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SQL Man of Mystery

Wes Brown is a PASS chapter leader and SQL Server MVP. He writes for SQL Server Central and maintains his blog at http://www.sqlserverio.com. Wes is Currently serving as a Senior Lead Consultant at Catapult Systems. Previous experiences include Product Manager for SQL Litespeed by Quest software and consultant to fortune 500 companies. He specializes in high availability, disaster recovery and very large database performance tuning. He is a frequent speaker at local user groups and SQLSaturdays.

OT: Rewriting History

I’ve been blogging for a few months. During that time I’ve received comments about my grammar, sentence construction and paragraph construction. I have taken this criticism to heart. I have only had two specific comments about my writing style so I have a point to start from. Like most of you, I do not write for a living. I do write every day of my life. I have had basic writing instruction during my high school an college days, but nothing during my time as a professional. The most training I’ve ever had communicating to others has been in the form of speech and theater. I have had some success as a speaker, and I feel very good about that end of my skill set.

So, I am attempting to correct this lack of education the only way I know how. I did some research and came up with three books to start my literary education.

The Elements of Style
My wife tells me this is a must.

 

On Writing Well, 30th Anniversary Edition: The Classic Guide to Writing Nonfiction
This one looked good and I’ve enjoyed reading it so far.

 

Grammar Girl's Quick and Dirty Tips for Better Writing
I have listened to the pod cast before I thought it was fine so I got the book.

The great thing about a blog is it isn’t as static as a printed book. As I learn I can make revisions to the articles. I can make revisions to correct the broken bits and make them easier to read.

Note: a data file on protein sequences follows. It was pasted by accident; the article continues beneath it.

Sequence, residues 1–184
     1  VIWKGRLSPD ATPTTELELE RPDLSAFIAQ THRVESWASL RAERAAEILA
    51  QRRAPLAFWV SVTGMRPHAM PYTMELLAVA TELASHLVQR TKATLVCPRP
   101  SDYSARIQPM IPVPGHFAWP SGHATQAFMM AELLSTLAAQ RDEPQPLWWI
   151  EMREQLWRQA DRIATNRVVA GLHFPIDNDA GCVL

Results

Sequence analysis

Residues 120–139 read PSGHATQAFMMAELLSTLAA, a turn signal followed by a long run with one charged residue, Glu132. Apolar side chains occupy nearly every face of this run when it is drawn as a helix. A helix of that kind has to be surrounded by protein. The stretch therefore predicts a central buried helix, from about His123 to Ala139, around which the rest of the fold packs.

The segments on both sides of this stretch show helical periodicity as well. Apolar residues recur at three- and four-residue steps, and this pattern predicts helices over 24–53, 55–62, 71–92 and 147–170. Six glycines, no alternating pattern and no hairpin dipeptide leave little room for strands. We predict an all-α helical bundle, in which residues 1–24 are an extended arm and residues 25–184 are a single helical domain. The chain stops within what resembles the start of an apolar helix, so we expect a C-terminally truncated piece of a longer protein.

If you have any recommendations leave them in the comments section and I’ll give it a read. I’ll also try to learn something in the process!

 

UPDATE:

A couple of friends that write also suggested

Woe Is I (Expanded Edition) [WOE IS I (EXPANDED EDITION) EX]

Eats, Shoots & Leaves: The Zero Tolerance Approach to Punctuation

Merriam-Webster's Everyday Language Reference Set: Vocabulary Builder/Thesaurus/Dictionary

All three are on the way!

Comments

Posted by AspiringGeek on 11 October 2009

Good for you!

Brent Ozar did a good job on this topic:

www.brentozar.com/.../blog-better-week-strunk-whites-elements-of-style

Posted by Wesley Brown on 12 October 2009

I'm a big believer in always trying to improve yourself.

I enjoy blogging and think if you are going to do something then do it well.

I'm following you on Twitter now too :).

Posted by Steve Jones on 12 October 2009

I'd go with the one that you enjoy. You'll at least read it then. If that works, tackle another one. Also, ask friends, managers, etc. See if they think your writing has improved.

Posted by Hugo Shebbeare on 15 October 2009

Well done Wes! I've been re-reading Elements of Style since blogging here too. It's on the top of my list, since ingrained from the visting Boston University profs in Brussels at http://www.vesalius.edu

Posted by Mark Weaver on 15 April 2013

Awesome!  Lately it seems that people have begun to become offended at the idea that they should be expected to craft a decent sentence, as though good grammar was somehow "out of fashion."  Using a language is like using tools well.  Imagine a hobbyist trying to sell his handmade toys at a craft fair.  Prospective customers approach and notice that his wares are rough, poorly painted, and fall apart easily.  Is it right that he should become offended when his toys are snubbed?  Thanks again!

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